TigsTools Awards: Top Speedsters

In the latest edition of the TigsTools series, we move back to the position players and some of the best speed prospects in the organization. While the overall talent level of the farm system has notably increased, the overall speed of the farm system has probably taken a bit of a downturn recently. That's not because the Tigers don't have anyone on the farm coming up behind Nook Logan, but rather, Randy Smith made speed a significant ingredient of the type of player they targeted.

Probably the player that has the best chance of showing off his speed soon for the Tigers is infielder Juan Francia, who swiped 41 bases between high-A Lakeland and AA Erie last season. That's the second most in a season for his career; his career high came back in 2002 when he stole 53 bases for the West Michigan Whitecaps. Francia's speed isn't put on display as a middle infielder, but he is able to use his quickness to snag balls quickly. Francia's 70.6% steal success rate makes him just barely able to continue running, but if his rate continues to drop as he goes up against better catchers, Francia might not continue to get the green light.

A player expected to be playing with Francia is centerfielder Vincent Blue, who as a tools prospect has yet to see his power swing come around, but his speed has started to translate to swipes on the basepaths. Blue stole a career high 40 bases in '05 for the L-Tigers, doubling his previous career high. Of course, there's a downside to the numbers. When he stole 20 for Oneonta in '02, he was only caught three times. He swiped 40 bases, but was also caught 29 times, leaving him with just a 58% success rate. Blue's speed will certainly be an asset in the future, but he likely won't be a big stolen base threat if he can't have more success at higher levels.

One player who the Tigers can't truly evaluate based on stolen bases and success rates is Cameron Maybin, the Tigers impressive first rounder who has yet to play in a professional game. Maybin has drawn numerous comparisons since he emerged as one of the top players in the '05 draft, and now he seems ready to put those skills on display. Now, it's certainly possible that as he develops physically, Maybin will bulk up and begin to lose some of his speed, but until that happens, Maybin's a threat on the basepaths.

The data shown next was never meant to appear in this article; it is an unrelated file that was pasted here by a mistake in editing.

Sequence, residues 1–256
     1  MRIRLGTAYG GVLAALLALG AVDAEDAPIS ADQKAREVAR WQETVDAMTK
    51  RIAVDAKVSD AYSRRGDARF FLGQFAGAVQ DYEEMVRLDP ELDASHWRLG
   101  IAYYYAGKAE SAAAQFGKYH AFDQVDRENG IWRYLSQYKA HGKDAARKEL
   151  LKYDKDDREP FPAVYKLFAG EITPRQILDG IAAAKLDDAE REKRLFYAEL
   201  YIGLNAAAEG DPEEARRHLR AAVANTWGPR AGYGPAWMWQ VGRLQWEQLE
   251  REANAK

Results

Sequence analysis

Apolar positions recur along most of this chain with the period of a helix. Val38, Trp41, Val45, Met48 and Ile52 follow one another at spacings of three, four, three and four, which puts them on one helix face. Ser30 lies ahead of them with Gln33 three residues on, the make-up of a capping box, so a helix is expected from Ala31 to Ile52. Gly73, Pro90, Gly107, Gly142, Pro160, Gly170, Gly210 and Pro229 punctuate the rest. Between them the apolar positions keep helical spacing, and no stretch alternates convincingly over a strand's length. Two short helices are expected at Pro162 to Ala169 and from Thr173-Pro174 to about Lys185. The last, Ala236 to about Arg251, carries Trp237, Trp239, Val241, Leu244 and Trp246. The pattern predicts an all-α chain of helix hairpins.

Unlike Maybin, another recent draft pick signed quickly and got right out in the field, putting his speed on display. Clete Thomas not only proved capable of patrolling vast outfield spaces as the centerfielder, but in 23 steal attempts as a pro in 2005, Thomas was successful on 20 of those. Thomas was successful at stealing 83% of the time in college, and the talented youngster has yet to show that he won't be able to continue that success at upper levels. Plus, unlike some other players the Tigers have had as speedy centerfielders, Thomas has shown the ability to put the ball in play and make some things happen with his bat as well as his legs.

All the way down at the Gulf Coast League, the Tigers had another centerfielder emerging that they felt could be a threat on the basepaths. That player was Wilkin Rodriguez, who led the young GCL club with 14 steals in 19 opportunities. And again, like Clete and unlike Nook, Rodriguez has shown some things with his bat, including posting a .311 average in his first pro season. As such a young player, Rodriguez faces the possibility of bulking up and losing speed much like Maybin, but Rodriguez doesn't have the same muscle mass to potentially reach that size, so he's much more likely to stay in the mold of a speedy outfielder.

Finally, we finish up with a player that has yet to get more than a handful of big league at bats despite having plenty of seasons under his belt. Alexis Gomez isn't a speedster in the true form, yet he has what they often refer to as deceptive speed; he doesn't appear to be moving real fast, and yet he'll get around the bases quicker than most assume. Gomez was very successful stealing for Toledo, taking 21 bases in 28 tries. Gomez's problem is that while he's got speed and is a solid hitter, he has yet to make a strong case for a spot on the Tiger roster, and until he can do that, he'll likely be on the outside looking in on a crowded Detroit outfield.

So, the speed isn't what it used to be. But, the Tigers still have some speed, and if they can get a few hits on top of that, it's all the better for the developing organization.

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